Penn marvels at God’s “stupendous operation” of “apparent destruction… the apparent ruin was conducted on a plan which should produce the best means of supplying the wants and accommodating the subsistence of that race … it contemplates that first revolution with amazement, when it reflects upon the providential skill which it discerns in the final results.”

Chapter 11 contains speculation of coal being of “vegetable” origin from “marine vegetation.”

Chapter 12 argues, quite seriously, that the total domestication of the Arabian camel is proof of the Flood.

Chapter 13 argues that since “the universal lodgment of the sea upon its surface, for nearly ten months, must, by those laws, have extinguished every principle of germinating life,” God must have created new vegetation after the flood for the olive branch by “divine fiat,” just as he did in the original creation and also for Jonah.

Penn also argues that God must have created new animals after the Flood in analog to the original creation. He argues, like some of his old-earth contemporaries, that the text allows for interpreting “every” living creature as being limited to “many,” but he argues that the text does not allow for similar limits to the other aspects of the Flood story. Due to the surprising deviation of this view from other young-earth views, it is worth quoting from this section at length:

there is nothing in this acceptation of the history which is not perfectly consistent with the text ; considering, that universal terms are often to be taken in Scripture with limitation, and, that the text contains nothing to define and fix the signification in the instance which we are considering : for, the words “all flesh” are here only equivalent to the words “clean, and unclean,” in the succeeding chapter. And if such is its sense, that only a numerous selected portion of the animal species were preserved in the ark ; then it would seem, that the divine purpose in that partial preservation was, first, the preservation of the progenitors of a new human race ; secondly, the preservation of a number of animal species sufficiently great to provide an impressive memorial…”

“from whence then proceeded all those other species of animals now existing upon the earth, of which none were contained in the ark? … the Creator replenished His new earth with new species, by His own divine act, after He had brought it to light … Why should it be thought a thing incredible… that God, who created once, should create more than once ? … Let the river bring forth frogs abundantly … In the case of the human race, it was essential to the moral purpose of God, that the whole race should descend from one and the same first parent … But, since that purpose did not extend to the brute species, we have no reason whatever for supposing, that it was indispensably necessary that every post diluvian brute race should descend from an ante diluvian parent; …

I conclude, therefore, 1. from the record of the deluge, that the whole animal creation, excepting only that selected portion of animal — . individuals which was preserved in the ark, perished in that catastrophe. I conclude, 2. from the innumerable fragments of extinct species which remain, that individuals of all the antediluvian animal species were not preserved in the ark. And, if there is reason to infer, either from the genius of the historian’s language, or from the dimensions of the ark which he has so carefully and minutely imparted to us, that he does not affirm, that individuals of all the post diluvian species were contained within that fabric, I then conclude, 3. and finally; that he has left us to infer from his relation of the creation, that the same Almighty Being whose operations he has therein recorded, exercised His creative power in animal, no less than in vegetable formations, in the renovation of His globe ; that ” He took away their breath, ” and they died, and returned to their dust ; that ” He sent forth His Spirit, and they were created, ” and He renewed the face of the earth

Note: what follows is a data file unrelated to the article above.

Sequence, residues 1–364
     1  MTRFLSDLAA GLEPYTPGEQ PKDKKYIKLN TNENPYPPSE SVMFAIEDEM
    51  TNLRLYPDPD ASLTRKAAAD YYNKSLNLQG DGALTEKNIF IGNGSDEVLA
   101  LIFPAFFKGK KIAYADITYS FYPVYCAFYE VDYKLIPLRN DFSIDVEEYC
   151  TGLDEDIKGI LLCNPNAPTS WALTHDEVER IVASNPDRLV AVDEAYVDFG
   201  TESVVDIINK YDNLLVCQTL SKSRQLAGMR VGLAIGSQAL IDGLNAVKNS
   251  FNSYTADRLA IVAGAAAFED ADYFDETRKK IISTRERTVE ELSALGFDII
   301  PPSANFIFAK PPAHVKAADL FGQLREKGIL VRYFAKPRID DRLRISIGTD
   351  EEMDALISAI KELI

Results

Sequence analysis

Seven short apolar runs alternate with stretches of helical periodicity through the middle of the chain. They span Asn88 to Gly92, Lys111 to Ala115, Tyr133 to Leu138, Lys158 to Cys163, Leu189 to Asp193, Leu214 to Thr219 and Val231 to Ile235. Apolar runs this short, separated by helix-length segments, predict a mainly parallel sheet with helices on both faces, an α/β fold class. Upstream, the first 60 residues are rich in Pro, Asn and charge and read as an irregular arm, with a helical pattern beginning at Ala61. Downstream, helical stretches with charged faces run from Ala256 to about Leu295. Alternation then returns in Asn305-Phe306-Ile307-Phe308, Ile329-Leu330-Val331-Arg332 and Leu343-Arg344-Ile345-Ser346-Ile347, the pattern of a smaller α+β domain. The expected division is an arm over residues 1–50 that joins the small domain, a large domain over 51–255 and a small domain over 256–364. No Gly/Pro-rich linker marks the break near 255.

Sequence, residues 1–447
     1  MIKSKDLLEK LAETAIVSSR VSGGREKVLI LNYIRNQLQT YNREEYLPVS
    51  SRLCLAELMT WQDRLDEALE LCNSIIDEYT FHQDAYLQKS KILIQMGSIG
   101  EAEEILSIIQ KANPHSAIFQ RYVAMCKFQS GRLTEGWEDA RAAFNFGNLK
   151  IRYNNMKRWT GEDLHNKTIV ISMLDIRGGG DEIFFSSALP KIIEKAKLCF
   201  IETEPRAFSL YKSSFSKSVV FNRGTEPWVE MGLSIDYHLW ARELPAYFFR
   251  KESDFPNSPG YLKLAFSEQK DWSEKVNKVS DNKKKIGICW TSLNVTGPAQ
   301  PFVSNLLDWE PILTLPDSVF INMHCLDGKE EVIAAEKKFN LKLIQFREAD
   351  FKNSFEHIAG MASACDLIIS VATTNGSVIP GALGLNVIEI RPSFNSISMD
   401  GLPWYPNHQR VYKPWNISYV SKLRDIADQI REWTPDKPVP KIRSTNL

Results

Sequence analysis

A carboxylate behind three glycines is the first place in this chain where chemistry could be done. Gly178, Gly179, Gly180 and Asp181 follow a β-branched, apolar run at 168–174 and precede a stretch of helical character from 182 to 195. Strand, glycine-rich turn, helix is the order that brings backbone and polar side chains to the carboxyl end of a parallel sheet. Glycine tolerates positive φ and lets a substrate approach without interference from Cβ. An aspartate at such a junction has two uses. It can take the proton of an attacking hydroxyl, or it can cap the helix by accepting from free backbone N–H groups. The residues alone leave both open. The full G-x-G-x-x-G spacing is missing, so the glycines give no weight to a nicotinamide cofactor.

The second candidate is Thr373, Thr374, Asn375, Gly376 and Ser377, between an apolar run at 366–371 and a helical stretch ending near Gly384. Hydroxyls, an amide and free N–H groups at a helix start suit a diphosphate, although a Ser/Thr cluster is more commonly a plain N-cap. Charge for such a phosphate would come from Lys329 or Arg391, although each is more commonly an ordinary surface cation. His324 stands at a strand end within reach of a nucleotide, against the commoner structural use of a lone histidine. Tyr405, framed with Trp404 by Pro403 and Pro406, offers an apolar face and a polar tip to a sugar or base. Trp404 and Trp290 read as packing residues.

(The final sentences quote from Psalm 104, which fascinatingly enough, is the same passage Edward Hitchcock used to support his old-earth theory of progressive cycles of extinction and recreation!)

Chapter 14 argues that the Gen 2 reference to 4 rivers was a “marginal gloss” added later and thus their reference to rivers that existed after the Flood “can have no weight to affect the strong evidence which has been deduced from that history, and from the sense of the ancient Jewish and Christian churches, of the DESTRUCTION of the PRIMITIVE EARTH by the waters of the deluge.”

In conclusion,

We shall thus contemplate, compare, and reduce into their true order of time, the effects of the- two revolutions, and of the intermediate period between the two. To one or other of these, sub sequently to first formation or creation, we shall refer every revolutionary phenomenon common to the earth… Where we are absolutely unable to trace particular relations between effects and their immediate causes, we shall consider ourselves to have reached the boundary of our knowledge; but we shall never consent, much less shall we attempt, to explore beyond that boundary under the illusory and desperate guidance of anti-Mosaical theory and hypothesis.”

“The Mosaical geology… capacitates us to adapt our forward view to that revolution which still impends… which is, assuredly, an object not less worthy of philosophical contemplation… since the former, we never can witness, but the latter, we most certainly shall witness.

Penn says “theological learning” “has propounded only one universal revolution of the globe, inadequate to all the effects which are so manifestly experienced,” but since “the record” “really” points to “two revolutions”, “mineral geology” should “return from the theoretical excursions into which the insufficiency of that one revolution had driven it;” and conclude that the Mosaical account is true after all.

It only now remains for us, to determine our selection between the two ; and to decide, whether we will choose the mineral geology, with its nature and time, its chaos and chemistry; or, whether we will unite with Bacon and Newton in adhering firmly to the Mosaical Geology, founded, altogether and exclusively, upon the creative wisdom, the creative power, “and the creative fiat, of Almighty God!